“Since she gave up college during her junior year, she has always been an administrative assistant, and she probably doesn’t ever imagine a down-the-road career switch or return to school, unless it’s something more personally rewarding and Fun like photography or ceramics, so administrative assisting is where it’s at, for Lucy, and there’s a whole culture of mining humor from the absurdity of the contemporary workplace, but for Lucy it boils down to seeing to what extent she can get away with checking her email or reading blogs and tumblrs without it being a privilege that has to be taken away from her, as it was at her last job three years ago and which is why she left for a different company.”—Nicholas Grider, Misadventure
Another expedient [during the industrial revolution] was to pay workers at least partly in kind—and notice the very richness of the vocabulary of the sorts of things one was assumed to be allowed to appropriate from one’s workplace, particularly from the waste, excess, and side products: cabbage, chips, thrums, sweepings, buggings, gleanings, potchings, vails, poake, coltage, knockdowns, tinge.(103) “Cabbage,” for instance, was the cloth left over from tailoring, “chips” the pieces of board that dockworkers had the right to carry from their workplace (any piece of timber less than two feet long), “thrums” were taken from the warping-bars of looms, and so on.
(103) Actually the full list is: ‘cabbage, chips, waxers, sweepings, sockings, wastages, blessing, lays, dead men, onces, primage, furthing, dunnage, portage, wines, vails, tinge, buggings, colting, rumps, birrs, fents, thrums, potching, scrapings, poake, coltage, extra, tret, tare, largess, the con, nobbings, knockdown, boot, tommy, trimmings, poll, gleanings, lops, tops, bontages, keepy back, pin money.’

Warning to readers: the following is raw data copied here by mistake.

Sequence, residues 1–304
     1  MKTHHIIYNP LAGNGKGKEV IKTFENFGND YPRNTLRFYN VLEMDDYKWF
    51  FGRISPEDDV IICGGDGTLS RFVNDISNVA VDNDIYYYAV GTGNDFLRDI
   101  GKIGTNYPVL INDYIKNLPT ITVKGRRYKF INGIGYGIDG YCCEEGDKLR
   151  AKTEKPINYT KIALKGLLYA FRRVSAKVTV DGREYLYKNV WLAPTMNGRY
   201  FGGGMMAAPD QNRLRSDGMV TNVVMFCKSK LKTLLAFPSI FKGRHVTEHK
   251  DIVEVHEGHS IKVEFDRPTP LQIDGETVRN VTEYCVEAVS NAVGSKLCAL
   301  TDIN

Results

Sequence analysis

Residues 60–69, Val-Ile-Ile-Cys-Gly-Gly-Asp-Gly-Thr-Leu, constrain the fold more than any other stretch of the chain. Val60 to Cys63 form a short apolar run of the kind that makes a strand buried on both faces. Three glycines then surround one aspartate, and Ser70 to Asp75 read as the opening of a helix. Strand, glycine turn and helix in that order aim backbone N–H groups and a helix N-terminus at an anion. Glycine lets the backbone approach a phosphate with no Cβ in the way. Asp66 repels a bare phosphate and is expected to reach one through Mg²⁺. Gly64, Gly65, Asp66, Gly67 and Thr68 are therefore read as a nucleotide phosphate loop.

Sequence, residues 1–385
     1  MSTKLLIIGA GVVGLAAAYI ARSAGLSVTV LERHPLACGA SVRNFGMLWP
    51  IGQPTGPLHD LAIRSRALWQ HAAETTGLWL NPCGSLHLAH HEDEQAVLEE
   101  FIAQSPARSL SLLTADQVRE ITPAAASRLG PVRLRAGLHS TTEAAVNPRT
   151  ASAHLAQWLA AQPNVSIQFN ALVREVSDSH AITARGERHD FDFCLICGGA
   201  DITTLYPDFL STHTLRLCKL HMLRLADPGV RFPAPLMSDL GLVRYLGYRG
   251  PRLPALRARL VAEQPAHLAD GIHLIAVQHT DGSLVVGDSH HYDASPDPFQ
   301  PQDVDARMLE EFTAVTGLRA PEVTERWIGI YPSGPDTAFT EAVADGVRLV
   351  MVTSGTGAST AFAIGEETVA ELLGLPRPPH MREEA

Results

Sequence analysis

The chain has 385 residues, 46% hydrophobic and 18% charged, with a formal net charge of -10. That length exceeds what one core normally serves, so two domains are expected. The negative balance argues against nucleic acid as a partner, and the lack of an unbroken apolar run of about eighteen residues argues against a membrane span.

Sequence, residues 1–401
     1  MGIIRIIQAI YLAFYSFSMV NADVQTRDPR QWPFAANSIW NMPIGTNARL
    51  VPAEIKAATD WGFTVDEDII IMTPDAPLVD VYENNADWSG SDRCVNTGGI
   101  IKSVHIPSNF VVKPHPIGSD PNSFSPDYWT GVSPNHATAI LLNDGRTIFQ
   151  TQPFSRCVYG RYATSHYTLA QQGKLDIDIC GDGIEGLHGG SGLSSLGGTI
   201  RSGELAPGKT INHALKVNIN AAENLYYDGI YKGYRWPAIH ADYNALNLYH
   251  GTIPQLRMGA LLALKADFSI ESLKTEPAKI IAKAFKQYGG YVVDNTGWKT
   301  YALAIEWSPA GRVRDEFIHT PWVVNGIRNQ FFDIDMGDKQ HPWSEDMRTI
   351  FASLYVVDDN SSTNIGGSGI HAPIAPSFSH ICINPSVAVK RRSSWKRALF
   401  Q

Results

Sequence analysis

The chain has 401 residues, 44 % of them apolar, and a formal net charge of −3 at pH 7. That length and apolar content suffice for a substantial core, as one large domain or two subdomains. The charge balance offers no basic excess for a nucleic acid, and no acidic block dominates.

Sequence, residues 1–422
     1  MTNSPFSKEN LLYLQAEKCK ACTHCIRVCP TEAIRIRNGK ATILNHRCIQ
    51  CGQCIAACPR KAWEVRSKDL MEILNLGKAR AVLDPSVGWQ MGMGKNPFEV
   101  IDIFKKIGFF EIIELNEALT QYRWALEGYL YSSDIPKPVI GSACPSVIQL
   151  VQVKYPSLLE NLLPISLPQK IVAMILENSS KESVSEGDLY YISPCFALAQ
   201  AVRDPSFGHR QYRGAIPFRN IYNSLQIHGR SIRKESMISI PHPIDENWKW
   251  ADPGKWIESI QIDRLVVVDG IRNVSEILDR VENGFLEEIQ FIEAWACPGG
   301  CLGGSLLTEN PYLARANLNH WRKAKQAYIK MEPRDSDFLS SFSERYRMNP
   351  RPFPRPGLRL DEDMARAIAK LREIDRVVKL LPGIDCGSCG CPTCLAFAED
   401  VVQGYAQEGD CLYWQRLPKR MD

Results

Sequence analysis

“Connecticut, I think, owned the little remaining part of Ohio—being the same where they now send Giddings to Congress, and beat all creation at making cheese.”—Abraham Lincoln, Speech on the Kansas-Nebraska act at Peoria, Illinois, 16 October, 1854
“Jeff was the star, so when we were in New York he stayed at the Waldorf-Astoria on posh Park Avenue, while Woody and I would be installed a little way across town in the much cheaper Gorham Hotel. But that was OK. It was a rock ‘n’ roll haunt at the time and you would always run into bands there: Cream, Sly and the Family Stone, Ten Years After. Janis Joplin, who was by no means a shy or retiring kind of woman, was always chasing Ronnie and me around the place, trying to shag one or the other of us, though without success. We were terrified of her and would hide behind the potted plant in the lobby until she had gone past.”—Rod Stewart, Rod: The Autobiography
“The losing side is going to feel very aggrieved. This is not going to be like 2000 and 2004; whichever side loses this election, they’re not going to feel like they lost fair and square, they’re going to feel like it was taken from them. They’re not going to believe the result that they saw.”—Chuck Todd on Hardball just now, evidently talking about some other country where the 2000 election went off hunky-dory and no one doubted the legitimacy of the winner.